Posts tagged ‘Finance’
Business owners have quite the toolbox for managing their businesses. They have their email, but they may also use services that cover CRM, billing, accounting, calendar management and group discussions. New startups are taking a stab at pulling all resources together, giving owners one dashboard and an instant snapshot of their business.
Hardtree is an online business management service. The web app is set up like an online collaboration tool with additional enhancements to make it a true holistic service. Logging in to the service reveals your dashboard, which spotlights new messages or support tickets. Move around Hardtree by clicking on one of its fifteen tabs on your dashboard. Tools are organized by task, which means project management falls under “Projects,” leads are housed in “Sales & Stock,” and your accounting ledger appears under “Finance.”
There’s enough room for everyone on your team too. Add users and create groups for multiple users. You can also specify which users or groups access which tasks pretty simply.
Perhaps what makes Hardtree remarkable is yet to be seen by the public. Business management services like these thrive on creating a singular destination to manage activities. Hardtree will have plenty of data about your organization. Their next step is launching a new module called Intelligence. This feature will be able to make recommendations for your business based on your data. Therefore, it will be able to make data-driven business improvements. We have yet to see how and to what extent this new feature will play a role in Hardtree, but it has the potential to become a business owner’s most trusted advisor.
The service is available in paid tiers starting at £9.99 per month. A free trial is also available.
There’s a lot to explore in Hardtree. Owners may not use each component, but they’ll see a benefit when they tailor the space to their demands. In fact, Hardtree is the type of tool that may make its way into your web browser and remain open all day.
Wave Accounting is a completely free accounting web app targeted toward small business owners, startups and freelancers. The service competes against industry titans, like QuickBooks, but at no charge.
Setting up an account takes a few painless steps. First, fill in your account details, then link your financial data to Wave Accounting. Next, answer a handful of simple questions to help customize your account, like if your company is a sole proprietorship, partnership or corporation, or if you collect sales tax from customers. Linking your financial accounts is optional, but it eliminates the need to manually enter transactions and probably improves the accuracy of your books.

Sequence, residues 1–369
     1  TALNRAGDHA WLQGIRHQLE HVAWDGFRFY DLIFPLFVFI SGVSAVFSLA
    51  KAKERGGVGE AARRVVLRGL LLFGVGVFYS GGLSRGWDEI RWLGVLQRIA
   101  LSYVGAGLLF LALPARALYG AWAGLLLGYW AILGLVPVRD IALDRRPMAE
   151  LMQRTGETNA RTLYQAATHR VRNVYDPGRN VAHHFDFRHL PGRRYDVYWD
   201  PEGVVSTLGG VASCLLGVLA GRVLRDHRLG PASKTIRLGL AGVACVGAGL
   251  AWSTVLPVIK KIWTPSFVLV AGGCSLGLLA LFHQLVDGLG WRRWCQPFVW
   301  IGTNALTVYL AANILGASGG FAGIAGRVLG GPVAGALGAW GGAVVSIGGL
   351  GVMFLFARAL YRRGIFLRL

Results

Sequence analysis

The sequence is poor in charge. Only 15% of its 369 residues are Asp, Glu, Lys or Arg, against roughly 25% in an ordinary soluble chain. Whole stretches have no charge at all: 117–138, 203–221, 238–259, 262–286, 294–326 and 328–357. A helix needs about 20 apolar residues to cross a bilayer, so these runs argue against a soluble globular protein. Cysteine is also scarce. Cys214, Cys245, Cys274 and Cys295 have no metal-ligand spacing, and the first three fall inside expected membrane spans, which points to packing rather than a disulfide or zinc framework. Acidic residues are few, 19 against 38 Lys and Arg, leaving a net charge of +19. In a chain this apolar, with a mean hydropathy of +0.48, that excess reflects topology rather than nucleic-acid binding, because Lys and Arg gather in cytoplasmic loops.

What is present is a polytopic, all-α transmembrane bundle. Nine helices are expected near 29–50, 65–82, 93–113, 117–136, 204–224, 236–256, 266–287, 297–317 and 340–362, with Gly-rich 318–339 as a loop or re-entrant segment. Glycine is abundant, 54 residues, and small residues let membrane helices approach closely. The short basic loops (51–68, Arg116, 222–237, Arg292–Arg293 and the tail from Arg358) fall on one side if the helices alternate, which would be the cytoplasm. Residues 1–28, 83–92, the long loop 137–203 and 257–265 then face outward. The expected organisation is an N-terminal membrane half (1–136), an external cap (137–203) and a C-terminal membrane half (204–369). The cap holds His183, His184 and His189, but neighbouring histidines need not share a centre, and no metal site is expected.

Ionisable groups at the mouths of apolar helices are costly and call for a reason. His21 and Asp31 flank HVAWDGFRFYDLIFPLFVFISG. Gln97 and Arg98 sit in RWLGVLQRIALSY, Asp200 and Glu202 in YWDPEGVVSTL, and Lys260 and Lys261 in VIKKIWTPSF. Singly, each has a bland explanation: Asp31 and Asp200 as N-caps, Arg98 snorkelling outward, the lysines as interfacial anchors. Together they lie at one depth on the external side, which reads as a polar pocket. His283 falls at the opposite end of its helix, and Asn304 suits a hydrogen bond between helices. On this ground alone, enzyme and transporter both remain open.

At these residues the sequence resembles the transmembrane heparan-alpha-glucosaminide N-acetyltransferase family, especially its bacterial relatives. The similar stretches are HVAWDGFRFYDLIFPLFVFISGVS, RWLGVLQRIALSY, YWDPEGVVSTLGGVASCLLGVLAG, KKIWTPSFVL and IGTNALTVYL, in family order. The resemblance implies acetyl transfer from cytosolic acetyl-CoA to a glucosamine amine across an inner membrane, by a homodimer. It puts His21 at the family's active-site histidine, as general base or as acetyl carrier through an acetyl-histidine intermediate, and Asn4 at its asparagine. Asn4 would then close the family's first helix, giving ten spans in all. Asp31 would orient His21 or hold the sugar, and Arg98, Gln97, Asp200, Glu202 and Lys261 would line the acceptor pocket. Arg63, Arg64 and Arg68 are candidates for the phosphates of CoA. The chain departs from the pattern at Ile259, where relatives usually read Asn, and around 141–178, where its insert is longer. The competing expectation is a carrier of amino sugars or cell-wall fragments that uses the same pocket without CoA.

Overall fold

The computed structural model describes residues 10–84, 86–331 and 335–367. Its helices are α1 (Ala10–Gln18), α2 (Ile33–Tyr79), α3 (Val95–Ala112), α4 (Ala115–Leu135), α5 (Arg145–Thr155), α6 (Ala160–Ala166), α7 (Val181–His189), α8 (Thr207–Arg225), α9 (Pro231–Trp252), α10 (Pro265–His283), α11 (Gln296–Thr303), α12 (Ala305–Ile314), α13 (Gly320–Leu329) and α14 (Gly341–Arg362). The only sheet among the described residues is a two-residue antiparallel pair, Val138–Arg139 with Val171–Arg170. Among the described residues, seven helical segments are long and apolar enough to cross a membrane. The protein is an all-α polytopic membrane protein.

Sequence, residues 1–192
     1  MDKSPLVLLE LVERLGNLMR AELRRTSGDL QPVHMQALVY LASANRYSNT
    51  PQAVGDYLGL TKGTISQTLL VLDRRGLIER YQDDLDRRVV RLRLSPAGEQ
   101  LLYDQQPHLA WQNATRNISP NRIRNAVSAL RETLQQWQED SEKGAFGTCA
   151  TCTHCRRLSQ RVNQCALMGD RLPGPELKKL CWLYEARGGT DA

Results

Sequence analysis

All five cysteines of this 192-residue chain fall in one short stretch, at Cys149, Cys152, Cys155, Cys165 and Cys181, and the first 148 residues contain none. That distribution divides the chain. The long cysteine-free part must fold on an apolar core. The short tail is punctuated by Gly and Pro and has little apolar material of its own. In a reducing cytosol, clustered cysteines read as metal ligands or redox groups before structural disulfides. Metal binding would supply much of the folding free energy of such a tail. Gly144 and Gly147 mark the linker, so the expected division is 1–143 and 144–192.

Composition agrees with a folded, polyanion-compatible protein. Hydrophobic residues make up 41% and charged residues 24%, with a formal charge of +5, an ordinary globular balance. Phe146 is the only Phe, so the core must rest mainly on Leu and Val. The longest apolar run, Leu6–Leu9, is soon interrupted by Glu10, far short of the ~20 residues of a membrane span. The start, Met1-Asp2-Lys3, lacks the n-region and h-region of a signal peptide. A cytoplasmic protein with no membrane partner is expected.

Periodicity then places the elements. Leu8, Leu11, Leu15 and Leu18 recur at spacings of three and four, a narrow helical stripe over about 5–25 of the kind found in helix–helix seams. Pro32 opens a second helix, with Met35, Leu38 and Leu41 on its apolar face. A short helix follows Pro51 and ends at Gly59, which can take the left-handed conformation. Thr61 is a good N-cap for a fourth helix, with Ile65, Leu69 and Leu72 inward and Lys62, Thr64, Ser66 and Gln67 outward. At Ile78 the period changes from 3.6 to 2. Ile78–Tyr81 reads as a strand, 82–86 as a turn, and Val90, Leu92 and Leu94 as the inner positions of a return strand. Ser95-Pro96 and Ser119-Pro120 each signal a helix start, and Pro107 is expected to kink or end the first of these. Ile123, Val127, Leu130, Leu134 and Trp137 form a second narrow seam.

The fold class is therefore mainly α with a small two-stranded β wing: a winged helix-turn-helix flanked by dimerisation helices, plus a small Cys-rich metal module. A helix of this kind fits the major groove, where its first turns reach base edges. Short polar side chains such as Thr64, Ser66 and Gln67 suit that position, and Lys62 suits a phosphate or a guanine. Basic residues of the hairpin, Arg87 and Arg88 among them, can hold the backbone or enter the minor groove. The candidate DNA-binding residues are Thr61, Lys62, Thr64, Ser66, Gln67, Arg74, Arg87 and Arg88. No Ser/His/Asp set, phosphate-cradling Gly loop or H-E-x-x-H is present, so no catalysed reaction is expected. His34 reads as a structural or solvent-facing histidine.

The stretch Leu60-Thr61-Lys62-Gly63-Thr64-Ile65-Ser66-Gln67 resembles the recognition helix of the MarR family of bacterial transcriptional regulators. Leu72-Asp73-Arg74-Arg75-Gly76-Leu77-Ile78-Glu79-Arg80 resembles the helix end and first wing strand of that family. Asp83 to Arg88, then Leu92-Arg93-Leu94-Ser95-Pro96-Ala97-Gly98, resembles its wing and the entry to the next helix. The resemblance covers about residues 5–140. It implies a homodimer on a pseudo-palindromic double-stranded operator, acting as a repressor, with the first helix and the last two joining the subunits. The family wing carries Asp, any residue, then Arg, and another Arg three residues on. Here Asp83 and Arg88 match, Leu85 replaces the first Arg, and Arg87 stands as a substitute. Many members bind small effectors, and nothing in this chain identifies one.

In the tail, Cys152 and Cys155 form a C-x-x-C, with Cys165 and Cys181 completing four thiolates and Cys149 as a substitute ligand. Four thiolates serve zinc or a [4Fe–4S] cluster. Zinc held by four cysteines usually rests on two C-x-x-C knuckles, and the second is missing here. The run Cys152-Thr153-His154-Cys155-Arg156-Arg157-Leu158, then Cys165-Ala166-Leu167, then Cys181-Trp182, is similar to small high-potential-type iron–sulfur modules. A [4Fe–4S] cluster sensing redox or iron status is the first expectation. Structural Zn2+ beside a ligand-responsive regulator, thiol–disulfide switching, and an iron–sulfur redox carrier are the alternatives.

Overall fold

What’s great about the service is that you don’t need to understand a term like “double-entry bookkeeping” to keep your books in order. The service handles a ledger, accounts receivable and accounts payable in terms like transactions, income and expenses. Create invoices under the Income tab, and log bills under the Expenses tab. Simple, right?
What’s clear is that business owners do not lose functionality when switching to Wave Accounting. The system doesn’t feel like a downgrade, even if it’s offered for free. And for many, Wave Accounting may feel more intuitive than QuickBooks.
It seems all goals are more obtainable when you have the support of a community to help. For people suffering with a massive amount of consumer debt, announcing their problems to close friends may be difficult. Creditable creates an anonymous social network for people looking to pull back into the black.
People looking to lose weight have fitness groups. People looking to eliminate habits have support groups. It’s time people with debt create their own group. After signing up, you enter details like your amount of debt and your goals for the future. Creditable then suggests following people with similar goals. Through these connections, people have the ability to form a support group without revealing embarrassing details about themselves.
Creditable is completely free to use, which proves users do not need to go into even deeper debt just to get out of it. Instead, the service seems to operate on affiliate sales, like Mint.com. Since it knows a bit about your financial history and credit score, it has the opportunity to recommend lower interest rate credit cards or new checking account options. That said, if a user wants to focus on reclaiming the accounts they already have open, the offers are easily skipped.
Social media tracking uses algorithms to detect whether brand mentions carry good or bad sentiments. The Stock Sonar takes that same technology and provides rational stock advice.
As part of an example on their homepage, The Stock Sonar used their algorithm to construct a line graph representing negative mentions surrounding the Toyota safety recall in January 2010. They then aligned the chart with Toyota’s stock price. The result was surprising: Days before Toyota’s stock dropped, The Stock Sonar was able to accurately predict a drop four days in advance. This early warning would be enough notice to give day traders time to sell their shares before losing any money. The tool may also be used to chart opportunities, providing you’re prepared to monitor all stock tickers continuously.